February 4, 2014

Pew collects data on American libraries


In late January, the Pew Research Center aggregated a list of “10 facts about Americans and public libraries,” a collection of data from surveys administered over the past year.

The numbers, self-reported by American adults, are encouraging. E-book use has grown: 28% of adults reported reading an ebook over the past year, up from 17% in 2011. (Only 4% of those readers reported using only e-books.) Use of print books, though, has hardly fallen—69% of us read one in the past year (following 65% and 71% in 2012 and 2011). Regardless of format, 76% of those surveyed had read at least one book in the previous year.

Despite a common fear that public libraries are slowly becoming less relevant, the data collected show that many people’s lives are still impacted — whether directly or as a community — by libraries. (Pew’s survey information about libraries does not, unfortunately, display comparisons with previous years’ surveys.) 90% of Americans 16 and up believed that the closing of their local library would impact the community, with 63% estimating that the impact would be “major.” Fewer of those surveyed foresaw an impact on their own family, but the number still comes out at 67%.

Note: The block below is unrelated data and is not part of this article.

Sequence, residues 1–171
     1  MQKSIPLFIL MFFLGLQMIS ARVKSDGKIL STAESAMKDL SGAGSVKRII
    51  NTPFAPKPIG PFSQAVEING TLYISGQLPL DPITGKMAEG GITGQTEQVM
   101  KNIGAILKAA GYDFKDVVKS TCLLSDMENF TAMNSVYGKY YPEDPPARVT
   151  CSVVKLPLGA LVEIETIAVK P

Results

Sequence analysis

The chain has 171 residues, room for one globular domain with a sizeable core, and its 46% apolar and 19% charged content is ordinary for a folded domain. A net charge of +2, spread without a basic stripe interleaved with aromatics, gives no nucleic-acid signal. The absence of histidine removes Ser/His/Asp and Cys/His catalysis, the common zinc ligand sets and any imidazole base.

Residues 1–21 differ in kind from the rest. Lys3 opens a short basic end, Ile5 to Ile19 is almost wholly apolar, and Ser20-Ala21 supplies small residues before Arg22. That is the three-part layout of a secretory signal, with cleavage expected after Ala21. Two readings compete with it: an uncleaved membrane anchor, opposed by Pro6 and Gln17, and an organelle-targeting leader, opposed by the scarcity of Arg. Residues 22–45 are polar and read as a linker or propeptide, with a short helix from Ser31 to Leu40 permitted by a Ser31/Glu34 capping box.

It’s not only about books and media, though 80% of those who use public libraries reported that no-cost access to these resources were “very” or “somewhat” important to their families. Americans also value librarian assistance (76%), “having a safe, quiet place” (75%), and access to research resources (72%). Rounding out the list are youth and adult programs; internet, computer, and printer access; and help applying for jobs and government services.

Americans’ appreciation for libraries also includes constructive suggestions for their development. Improvements in accessibility, though indicated by increased use of library websites (up 5 points since 2012), are still necessary. Americans ages 16-29 expressed a strong interest in apps helping them to find library materials, as well as Redbox-like kiosks placed throughout their community. In addition, Americans 16 and older believed that libraries should place greater focus on coordinating with local schools, creating no-cost literacy programs, and offering e-books.

Though 22% of American library patrons report using their local libraries less over the past 5 years, 26% say they have used them more. As with everything else, library use ebbs and flows, but Pew’s findings indicate that libraries are still going strong. (Additionally, they could have just tried to park at my local library on a Sunday afternoon.)

Pew plans to issue additional data about library users and non-users, including detailed information about habits and demographics, for the PLA Conference in March.


Emma Aylor is a former Melville House intern.